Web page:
Russia, Ukraine and Threats

Moscow appears to be setting up conditions to justify action against Ukraine but its goal is unclear.

By George Friedman


Tension between Russia and Ukraine is escalating. According to the Russians, a special operations team from Ukraine attacked Crimea. The Ukrainians denied the claim. The Russians appear to be moving forces around in Crimea and increasing the number and the posture of the forces in the area. More significant militarily, there are some reports of Russian troop buildups east of their border with Ukraine and an unconfirmed report of a brigade of Russian troops deploying in pro-Russian rebel-held territory inside Ukraine. The Russians have done nothing to tamp down tension. In fact, they have increased it by citing multiple Ukrainian provocations and insisting that they will not be allowed to persist.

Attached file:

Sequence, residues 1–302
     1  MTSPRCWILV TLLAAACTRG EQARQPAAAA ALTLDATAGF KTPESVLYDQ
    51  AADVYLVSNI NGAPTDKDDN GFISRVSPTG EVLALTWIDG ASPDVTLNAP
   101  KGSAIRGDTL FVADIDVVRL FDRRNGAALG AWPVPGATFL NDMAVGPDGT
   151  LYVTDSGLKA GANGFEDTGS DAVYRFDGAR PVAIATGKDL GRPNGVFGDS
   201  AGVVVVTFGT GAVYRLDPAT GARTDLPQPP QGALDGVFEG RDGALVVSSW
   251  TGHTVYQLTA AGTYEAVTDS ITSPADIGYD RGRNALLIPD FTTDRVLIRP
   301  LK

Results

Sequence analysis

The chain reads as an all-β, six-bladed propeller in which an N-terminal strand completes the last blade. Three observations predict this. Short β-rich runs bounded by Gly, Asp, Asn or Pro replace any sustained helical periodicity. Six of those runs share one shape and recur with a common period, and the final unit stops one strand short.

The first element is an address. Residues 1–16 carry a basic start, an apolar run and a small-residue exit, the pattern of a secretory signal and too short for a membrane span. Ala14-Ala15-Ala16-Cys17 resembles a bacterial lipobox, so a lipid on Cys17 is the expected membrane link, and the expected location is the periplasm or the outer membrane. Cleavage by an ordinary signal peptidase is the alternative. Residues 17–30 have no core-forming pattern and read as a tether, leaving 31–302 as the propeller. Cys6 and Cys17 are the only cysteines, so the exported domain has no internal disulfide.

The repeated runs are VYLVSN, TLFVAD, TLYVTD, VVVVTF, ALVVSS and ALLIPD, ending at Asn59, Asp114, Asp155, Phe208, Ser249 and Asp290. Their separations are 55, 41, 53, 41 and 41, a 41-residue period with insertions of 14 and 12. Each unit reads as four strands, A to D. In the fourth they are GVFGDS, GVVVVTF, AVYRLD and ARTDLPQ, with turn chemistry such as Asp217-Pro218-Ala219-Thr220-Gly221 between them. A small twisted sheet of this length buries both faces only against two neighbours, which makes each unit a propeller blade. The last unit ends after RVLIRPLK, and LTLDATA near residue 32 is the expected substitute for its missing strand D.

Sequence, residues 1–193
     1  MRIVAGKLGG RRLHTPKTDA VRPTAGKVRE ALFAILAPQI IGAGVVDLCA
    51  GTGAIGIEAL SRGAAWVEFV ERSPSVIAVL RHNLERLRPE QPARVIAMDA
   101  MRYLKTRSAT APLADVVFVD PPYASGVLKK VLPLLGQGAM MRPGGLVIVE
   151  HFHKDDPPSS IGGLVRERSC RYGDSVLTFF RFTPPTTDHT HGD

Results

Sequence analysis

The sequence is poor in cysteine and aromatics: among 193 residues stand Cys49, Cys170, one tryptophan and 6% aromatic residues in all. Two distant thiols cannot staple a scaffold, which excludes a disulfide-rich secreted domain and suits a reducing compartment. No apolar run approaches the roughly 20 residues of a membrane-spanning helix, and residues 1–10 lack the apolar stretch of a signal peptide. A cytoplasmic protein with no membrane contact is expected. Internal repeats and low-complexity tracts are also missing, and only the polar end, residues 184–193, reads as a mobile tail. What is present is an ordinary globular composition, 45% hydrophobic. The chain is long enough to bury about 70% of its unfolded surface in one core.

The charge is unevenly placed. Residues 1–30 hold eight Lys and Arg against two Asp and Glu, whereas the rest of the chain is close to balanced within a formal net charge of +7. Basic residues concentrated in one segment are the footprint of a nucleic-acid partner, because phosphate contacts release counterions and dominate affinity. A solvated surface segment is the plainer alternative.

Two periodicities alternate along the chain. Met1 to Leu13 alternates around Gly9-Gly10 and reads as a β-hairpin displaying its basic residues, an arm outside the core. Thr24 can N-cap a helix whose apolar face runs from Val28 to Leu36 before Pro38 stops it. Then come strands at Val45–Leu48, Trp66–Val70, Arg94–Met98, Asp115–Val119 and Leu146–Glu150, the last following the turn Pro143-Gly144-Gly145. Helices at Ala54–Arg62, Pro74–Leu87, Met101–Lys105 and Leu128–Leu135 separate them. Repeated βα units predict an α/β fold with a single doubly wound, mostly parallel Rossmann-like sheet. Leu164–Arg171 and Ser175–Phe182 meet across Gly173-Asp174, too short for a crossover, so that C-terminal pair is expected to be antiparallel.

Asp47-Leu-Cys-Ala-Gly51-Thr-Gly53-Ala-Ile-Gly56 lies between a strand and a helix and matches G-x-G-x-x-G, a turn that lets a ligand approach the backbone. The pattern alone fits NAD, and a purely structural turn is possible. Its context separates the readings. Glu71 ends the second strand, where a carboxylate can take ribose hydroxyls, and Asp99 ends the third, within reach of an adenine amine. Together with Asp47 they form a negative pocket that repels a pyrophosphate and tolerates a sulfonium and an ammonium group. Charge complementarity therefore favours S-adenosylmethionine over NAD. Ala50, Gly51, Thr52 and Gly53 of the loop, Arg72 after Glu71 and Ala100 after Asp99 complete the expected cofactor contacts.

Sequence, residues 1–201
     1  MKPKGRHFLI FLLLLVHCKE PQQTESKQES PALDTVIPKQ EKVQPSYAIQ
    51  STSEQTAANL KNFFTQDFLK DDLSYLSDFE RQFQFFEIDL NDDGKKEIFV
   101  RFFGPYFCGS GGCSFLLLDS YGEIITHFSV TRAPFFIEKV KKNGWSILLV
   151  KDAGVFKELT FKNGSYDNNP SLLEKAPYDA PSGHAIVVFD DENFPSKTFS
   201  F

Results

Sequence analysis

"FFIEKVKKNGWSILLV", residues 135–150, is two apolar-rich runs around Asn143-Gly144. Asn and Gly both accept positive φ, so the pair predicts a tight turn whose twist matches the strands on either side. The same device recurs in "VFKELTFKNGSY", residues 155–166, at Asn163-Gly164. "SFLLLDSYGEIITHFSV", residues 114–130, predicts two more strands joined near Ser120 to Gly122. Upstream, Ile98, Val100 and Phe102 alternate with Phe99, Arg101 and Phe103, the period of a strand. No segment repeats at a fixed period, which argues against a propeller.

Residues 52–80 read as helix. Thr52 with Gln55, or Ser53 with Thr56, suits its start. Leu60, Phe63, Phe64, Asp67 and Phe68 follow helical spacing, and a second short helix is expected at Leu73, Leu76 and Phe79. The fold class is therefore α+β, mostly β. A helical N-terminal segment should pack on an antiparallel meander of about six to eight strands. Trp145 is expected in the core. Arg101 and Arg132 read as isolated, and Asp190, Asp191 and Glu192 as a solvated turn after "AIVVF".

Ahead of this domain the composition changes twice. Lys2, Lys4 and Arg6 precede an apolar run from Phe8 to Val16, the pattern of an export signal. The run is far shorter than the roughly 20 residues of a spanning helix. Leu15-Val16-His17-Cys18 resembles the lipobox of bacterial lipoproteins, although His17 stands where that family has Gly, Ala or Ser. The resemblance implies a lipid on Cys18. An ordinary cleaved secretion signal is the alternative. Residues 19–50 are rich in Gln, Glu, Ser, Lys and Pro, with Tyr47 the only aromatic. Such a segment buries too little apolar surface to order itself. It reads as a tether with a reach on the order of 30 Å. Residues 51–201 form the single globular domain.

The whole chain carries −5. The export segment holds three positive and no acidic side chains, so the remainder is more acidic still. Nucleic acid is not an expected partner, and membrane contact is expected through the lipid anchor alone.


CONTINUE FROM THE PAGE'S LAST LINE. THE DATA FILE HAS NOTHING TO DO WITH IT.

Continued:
Whatever the truth in the reports, it is obvious that the
Russians are establishing a justification for taking action against Ukraine. Our model predicts that the Russians will eventually move to change the situation in Ukraine, militarily if necessary. Ukraine is too important to them strategically to accept anything less than a neutral government in Kiev. A pro-Western government with close ties to the U.S. and other militaries can evolve dangerously from the Russian point of view. Therefore, we expect the Russians to take some significant action – diplomatically, economically and/or militarily.

However, our view is that for the moment the military option is likely off the table. Ukraine is a very large country and just occupying it against minimal resistance would require a force that Russia didn’t have a year ago. Given that the Russians couldn’t count on minimal resistance, their forces needed modernization, extensive training and a strong logistical base. Thus, we expected the informal truce that has been in place – with low-level fighting and an implicit commitment from the U.S. not to get directly involved in boosting Ukraine’s military position – to continue to the end of 2016 at least.